Mordecai M. Kaplan (1881-1983), founder of Reconstructionism and the rabbi who initiated the first Bat Mitzvah, also produced the longest Jewish diary on record. In twenty-seven volumes, written between 1913 and 1978, Kaplan shares not only his reaction to the great events of his time but also his very personal thoughts on religion and Jewish life. In Communings of the Spirit: The Journals of Mordecai M. Kaplan Volume III, 1942-1951, readers experience his horror at the persecution of the European Jews, as well as his joy in the founding of the State of Israel. Above all else, Kaplan was concerned with the survival and welfare of the Jewish people. And yet he also believed that the well-being of the Jewish people was tied to the safety and security of all people. In his own words, "Such is the mutuality of human life that none can be saved, unless all are saved."
In the first volume of Communings of the Spirit, editor Mel Scult covers Kaplan's early years as a rabbi, teacher of rabbis, and community leader. In the second volume, readers experience the economic problems of the 1930s and their shattering impact on the Jewish community. The third volume chronicles Kaplan's spiritual and intellectual journey in the 1940s. With candor and vivid detail, Kaplan explores his evolving beliefs concerning a democratic Judaism; religious naturalism; and the conflicts, uncertainties, and self-doubts he faced in the first half of the twentieth century, including his excommunication by the ultra-Orthodox in 1945 for taking a more progressive approach to the liturgy. In his publications, Kaplan eliminated the time-honored declarations of Jewish chosen-ness as well as the outdated doctrines concerning the resurrection of the dead. He wanted a prayer book that Jews could feel reflected their beliefs and experiences; he believed that people must mean what they say when they pray.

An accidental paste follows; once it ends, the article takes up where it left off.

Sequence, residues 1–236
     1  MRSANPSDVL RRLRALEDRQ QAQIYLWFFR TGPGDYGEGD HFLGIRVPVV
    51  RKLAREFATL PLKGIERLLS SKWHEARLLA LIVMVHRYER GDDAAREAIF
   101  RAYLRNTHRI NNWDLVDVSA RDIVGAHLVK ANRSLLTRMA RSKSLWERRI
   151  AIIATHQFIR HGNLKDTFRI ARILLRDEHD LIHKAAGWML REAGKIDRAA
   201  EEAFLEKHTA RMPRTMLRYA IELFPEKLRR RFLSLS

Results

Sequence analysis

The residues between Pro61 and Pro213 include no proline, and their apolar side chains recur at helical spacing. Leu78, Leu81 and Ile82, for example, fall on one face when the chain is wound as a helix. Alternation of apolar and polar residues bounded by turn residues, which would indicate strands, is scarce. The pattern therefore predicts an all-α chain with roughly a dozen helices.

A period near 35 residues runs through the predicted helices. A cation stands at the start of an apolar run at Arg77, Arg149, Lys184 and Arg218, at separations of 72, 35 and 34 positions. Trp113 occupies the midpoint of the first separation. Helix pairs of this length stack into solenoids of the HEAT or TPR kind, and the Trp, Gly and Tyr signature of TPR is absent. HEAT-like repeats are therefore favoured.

Kaplan was a man of contradictions, but because of that, all the more interesting and significant. Scholars of Judaica and rabbinical studies will value this honest look at the preeminent American Jewish thinker and rabbi of our times.